There is an unusual fountain in my home town (Liverpool) that I used to sometimes go to watch for a few minutes during my lunch breaks when I was working in the city. It works by piping water into specially shaped buckets. They slowly fill up and at a certain point become top heavy. They then tip over depositing their contents into the fountain’s reservoir.
For me, this fountain, which was designed by Richard Huws and built in 1967, provides an analogy for the way that significant change often occurs by reaching a tipping point.
Staying with the theme of water, producing steam is another example of reaching a tipping point. When your water is 99 degrees Celsius, you have very hot water indeed, but when it is just 1 degree hotter, you have steam with all the possibilities it brings. Steam engines once powered railway trains, turbines and ocean liners but you can’t do any of that with very hot water.
In studies on climate change, it has been suggested that major disruption to ecosystems will take place when certain tipping points are reached. Lisa Moore’s blog provides a useful summary of nine such tipping points that relate to environmental change. As she says, this evidence provides really compelling reasons for cutting emissions as soon as possible.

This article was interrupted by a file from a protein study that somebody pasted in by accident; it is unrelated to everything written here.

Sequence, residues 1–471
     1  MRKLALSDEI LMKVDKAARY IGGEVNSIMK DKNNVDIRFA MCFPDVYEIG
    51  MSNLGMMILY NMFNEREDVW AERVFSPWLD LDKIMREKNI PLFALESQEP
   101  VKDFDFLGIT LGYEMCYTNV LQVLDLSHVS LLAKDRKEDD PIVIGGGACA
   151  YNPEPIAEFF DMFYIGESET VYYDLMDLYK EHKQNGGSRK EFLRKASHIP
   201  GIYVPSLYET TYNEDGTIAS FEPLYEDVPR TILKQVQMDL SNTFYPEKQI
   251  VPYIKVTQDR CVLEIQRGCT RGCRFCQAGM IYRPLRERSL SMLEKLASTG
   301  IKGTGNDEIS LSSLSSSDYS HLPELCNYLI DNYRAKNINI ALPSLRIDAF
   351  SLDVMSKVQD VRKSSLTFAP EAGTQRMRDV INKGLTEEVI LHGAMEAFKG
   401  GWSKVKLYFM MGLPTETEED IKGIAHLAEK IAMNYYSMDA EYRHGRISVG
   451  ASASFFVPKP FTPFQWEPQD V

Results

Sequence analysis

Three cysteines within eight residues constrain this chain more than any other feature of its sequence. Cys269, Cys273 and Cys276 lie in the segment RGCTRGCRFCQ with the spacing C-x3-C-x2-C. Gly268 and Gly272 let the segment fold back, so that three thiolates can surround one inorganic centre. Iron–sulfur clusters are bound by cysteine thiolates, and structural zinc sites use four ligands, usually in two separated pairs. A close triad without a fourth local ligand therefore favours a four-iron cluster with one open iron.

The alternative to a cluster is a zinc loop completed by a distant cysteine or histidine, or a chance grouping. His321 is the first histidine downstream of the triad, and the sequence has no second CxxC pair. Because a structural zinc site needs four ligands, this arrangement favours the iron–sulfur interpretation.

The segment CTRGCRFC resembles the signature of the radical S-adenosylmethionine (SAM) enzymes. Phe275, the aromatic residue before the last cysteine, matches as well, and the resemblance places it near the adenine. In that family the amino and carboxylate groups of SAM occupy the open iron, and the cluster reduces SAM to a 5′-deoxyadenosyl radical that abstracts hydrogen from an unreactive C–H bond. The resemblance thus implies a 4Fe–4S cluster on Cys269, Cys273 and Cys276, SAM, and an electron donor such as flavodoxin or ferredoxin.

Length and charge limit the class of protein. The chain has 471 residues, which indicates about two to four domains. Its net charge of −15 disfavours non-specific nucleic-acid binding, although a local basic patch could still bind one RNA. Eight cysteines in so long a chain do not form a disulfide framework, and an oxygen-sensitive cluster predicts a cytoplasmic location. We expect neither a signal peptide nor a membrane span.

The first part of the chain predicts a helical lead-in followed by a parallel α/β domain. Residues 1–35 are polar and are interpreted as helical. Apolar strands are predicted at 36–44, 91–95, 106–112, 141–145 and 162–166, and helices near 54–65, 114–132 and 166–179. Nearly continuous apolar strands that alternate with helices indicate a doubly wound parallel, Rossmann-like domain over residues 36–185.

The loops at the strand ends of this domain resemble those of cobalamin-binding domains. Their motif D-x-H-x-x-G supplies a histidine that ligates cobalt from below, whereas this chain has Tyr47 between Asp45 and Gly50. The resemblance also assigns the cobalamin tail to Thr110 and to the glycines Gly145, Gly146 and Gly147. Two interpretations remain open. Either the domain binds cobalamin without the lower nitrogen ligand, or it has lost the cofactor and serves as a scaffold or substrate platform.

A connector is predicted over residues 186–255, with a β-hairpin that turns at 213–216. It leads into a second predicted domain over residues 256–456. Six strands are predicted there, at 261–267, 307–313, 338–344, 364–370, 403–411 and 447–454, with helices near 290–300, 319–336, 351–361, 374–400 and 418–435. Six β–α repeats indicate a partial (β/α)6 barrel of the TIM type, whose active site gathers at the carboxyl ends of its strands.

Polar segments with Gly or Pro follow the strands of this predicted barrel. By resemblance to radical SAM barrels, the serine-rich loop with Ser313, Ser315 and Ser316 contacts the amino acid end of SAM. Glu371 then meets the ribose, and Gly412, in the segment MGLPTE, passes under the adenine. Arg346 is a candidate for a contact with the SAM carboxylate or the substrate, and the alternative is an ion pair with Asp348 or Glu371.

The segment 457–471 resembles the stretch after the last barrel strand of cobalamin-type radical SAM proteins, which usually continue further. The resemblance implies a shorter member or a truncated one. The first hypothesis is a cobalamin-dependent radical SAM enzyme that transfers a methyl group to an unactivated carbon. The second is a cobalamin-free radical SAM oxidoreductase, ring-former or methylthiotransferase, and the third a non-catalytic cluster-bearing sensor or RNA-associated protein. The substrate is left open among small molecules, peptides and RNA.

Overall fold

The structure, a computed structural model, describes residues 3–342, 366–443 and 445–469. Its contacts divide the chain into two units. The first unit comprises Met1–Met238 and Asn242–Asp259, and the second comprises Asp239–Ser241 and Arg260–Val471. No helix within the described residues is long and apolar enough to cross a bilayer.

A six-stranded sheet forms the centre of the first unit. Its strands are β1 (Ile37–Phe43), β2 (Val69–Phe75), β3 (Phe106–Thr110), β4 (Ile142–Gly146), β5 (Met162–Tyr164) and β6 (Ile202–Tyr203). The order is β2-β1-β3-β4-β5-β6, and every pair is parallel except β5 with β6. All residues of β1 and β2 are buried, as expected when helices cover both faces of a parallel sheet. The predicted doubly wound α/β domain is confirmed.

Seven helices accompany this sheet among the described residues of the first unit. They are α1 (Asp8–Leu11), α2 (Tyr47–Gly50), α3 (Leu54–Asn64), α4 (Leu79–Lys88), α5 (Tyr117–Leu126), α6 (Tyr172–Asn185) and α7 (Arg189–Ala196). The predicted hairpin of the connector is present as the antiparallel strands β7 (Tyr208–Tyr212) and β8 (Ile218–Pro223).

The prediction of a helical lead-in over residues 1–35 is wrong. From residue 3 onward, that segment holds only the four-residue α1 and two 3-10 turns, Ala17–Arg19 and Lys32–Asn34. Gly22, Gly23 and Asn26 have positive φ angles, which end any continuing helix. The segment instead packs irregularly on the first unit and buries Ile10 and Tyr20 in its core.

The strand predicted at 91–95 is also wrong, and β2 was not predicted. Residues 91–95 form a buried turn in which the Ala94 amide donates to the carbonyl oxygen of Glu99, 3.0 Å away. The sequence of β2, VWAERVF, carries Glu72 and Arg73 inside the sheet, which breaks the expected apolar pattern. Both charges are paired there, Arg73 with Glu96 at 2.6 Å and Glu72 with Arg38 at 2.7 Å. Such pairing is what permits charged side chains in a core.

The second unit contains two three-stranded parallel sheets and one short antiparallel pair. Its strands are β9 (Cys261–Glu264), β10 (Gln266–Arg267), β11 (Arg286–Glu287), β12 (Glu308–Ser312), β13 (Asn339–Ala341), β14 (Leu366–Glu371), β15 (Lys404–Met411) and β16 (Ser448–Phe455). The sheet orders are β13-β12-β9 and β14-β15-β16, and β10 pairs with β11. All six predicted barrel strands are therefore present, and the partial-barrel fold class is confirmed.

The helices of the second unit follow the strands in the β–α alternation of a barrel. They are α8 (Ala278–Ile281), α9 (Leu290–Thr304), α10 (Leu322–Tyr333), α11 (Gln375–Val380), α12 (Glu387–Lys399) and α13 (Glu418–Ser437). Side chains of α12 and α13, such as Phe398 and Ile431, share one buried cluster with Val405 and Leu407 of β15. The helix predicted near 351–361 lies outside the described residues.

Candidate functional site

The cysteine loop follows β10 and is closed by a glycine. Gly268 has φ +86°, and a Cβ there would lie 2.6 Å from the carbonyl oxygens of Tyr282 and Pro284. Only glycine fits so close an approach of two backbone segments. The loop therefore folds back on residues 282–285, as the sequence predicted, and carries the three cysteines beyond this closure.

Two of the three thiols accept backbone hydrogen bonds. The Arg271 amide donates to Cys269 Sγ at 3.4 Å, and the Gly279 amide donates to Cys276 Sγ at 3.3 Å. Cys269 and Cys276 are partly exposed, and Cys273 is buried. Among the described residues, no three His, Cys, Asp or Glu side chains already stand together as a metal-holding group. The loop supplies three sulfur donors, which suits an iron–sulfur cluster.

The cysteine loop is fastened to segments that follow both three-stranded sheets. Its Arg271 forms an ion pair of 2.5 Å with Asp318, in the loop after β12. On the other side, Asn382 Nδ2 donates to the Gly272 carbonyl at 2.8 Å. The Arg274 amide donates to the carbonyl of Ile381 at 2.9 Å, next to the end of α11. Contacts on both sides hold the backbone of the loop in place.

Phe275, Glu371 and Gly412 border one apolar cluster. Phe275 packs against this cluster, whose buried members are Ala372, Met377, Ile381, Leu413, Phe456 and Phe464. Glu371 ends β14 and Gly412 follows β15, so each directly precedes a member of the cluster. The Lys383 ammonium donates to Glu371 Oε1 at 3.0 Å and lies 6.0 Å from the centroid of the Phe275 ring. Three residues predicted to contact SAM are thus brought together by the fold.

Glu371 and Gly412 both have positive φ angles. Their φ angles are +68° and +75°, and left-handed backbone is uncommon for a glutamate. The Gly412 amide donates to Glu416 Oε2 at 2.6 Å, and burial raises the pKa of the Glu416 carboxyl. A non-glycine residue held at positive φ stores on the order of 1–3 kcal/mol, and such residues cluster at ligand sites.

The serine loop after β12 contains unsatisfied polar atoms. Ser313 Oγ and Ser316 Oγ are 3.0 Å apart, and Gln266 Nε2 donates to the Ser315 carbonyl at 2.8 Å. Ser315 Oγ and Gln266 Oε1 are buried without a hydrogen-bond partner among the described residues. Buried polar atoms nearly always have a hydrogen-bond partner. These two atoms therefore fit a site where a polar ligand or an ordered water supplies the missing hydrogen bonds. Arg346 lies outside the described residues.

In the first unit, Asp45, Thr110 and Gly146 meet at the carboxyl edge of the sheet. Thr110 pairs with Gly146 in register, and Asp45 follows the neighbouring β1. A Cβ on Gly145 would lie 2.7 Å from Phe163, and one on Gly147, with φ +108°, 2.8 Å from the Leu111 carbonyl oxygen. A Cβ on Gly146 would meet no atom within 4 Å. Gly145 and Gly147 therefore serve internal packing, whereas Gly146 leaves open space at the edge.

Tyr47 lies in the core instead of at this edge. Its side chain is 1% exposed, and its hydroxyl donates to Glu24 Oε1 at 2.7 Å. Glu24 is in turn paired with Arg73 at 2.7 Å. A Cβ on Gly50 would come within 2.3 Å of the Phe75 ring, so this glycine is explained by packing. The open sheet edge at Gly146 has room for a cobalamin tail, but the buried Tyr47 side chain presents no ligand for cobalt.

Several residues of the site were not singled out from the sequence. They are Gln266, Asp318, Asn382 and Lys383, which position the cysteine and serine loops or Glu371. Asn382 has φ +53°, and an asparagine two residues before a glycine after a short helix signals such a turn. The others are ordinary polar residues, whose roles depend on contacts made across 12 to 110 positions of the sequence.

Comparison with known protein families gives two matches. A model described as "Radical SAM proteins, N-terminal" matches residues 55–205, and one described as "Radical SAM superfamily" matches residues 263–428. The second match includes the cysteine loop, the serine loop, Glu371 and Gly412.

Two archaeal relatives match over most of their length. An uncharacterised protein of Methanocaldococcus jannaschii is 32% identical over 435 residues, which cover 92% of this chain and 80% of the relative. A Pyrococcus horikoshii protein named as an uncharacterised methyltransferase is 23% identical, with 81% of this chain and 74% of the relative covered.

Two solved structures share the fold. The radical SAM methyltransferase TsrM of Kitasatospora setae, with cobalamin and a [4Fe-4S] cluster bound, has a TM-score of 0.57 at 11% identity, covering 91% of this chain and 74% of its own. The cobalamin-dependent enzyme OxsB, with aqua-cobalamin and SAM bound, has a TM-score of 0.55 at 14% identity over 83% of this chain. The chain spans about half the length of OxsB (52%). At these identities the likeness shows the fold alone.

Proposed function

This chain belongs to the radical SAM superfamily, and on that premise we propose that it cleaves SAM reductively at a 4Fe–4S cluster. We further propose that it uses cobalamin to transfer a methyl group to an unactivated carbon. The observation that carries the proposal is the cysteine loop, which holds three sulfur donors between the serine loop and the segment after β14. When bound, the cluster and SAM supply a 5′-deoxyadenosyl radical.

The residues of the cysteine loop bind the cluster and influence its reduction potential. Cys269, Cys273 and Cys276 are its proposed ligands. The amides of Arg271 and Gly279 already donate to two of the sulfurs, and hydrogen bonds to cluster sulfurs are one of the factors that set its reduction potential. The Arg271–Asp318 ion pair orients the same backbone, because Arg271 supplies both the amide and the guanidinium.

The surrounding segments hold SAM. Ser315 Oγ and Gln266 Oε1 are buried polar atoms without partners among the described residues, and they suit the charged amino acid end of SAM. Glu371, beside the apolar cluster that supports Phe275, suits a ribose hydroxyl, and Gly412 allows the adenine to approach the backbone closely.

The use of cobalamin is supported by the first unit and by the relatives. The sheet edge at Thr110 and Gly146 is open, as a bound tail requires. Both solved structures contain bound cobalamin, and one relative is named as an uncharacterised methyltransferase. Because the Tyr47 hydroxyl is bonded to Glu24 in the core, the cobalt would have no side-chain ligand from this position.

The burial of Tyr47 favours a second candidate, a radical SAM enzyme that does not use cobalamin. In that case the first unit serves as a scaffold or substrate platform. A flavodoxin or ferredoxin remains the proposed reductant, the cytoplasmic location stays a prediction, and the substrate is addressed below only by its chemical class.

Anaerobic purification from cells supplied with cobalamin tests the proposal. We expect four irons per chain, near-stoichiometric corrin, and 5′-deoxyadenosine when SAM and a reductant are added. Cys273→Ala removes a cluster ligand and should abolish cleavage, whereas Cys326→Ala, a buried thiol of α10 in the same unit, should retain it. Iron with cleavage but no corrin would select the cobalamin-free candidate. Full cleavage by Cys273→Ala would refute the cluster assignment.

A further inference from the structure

It has also been suggested that social change often occurs when a tipping point has been reached. In Malcolm Gladwell’s book The Tipping Point, he is most concerned with examining the spread of information and ideas in the same way that an epidemic occurs. What he calls a social epidemic has been used, in recent years, in clever marketing campaigns to spread sales messages virally.
The occurrence of brake fade, when a braking system completely fails, is an example of reaching a tipping point. This is something that actually happened to me whilst descending a very long, steep hill on the way to Lynton sometime last year. This was a very frightening experience that was not made any better by local people managing to put a name on the phenomenon.
Recently, I wrote about how the Wright Brothers‘ finally managed to get their machine to fly by making a very small final adjustment. Again, making this final adjustment is an example of reaching a tipping point. The difference between being able to fly and not being able to fly is indeed significant, but the adjustment that made it all possible was a minor one.
In another post, I wrote about the difference between being an average-to-good player and being a world-class player is not as much as you might think. Again, this is a good example of a tipping point.
Does all of this make you think? I hope it does because what I would like you to think about is what you need to do to get to the next level of performance in your chosen field and the point I want to make is that you may not have to do very much to get there. Sure you will need to identify what needs to be done and get on with it, that’s true. But you may be operating, right now, at somewhere near a tipping point.
It may be that you just need to continue with what you are doing, but simply increase the intensity by a small amount. Or it may be that you need to continue doing what you are now doing but also adding some small additional factor into the mix. Again the point is that the change you need to make might very well be a very small change in order to produce a very large effect.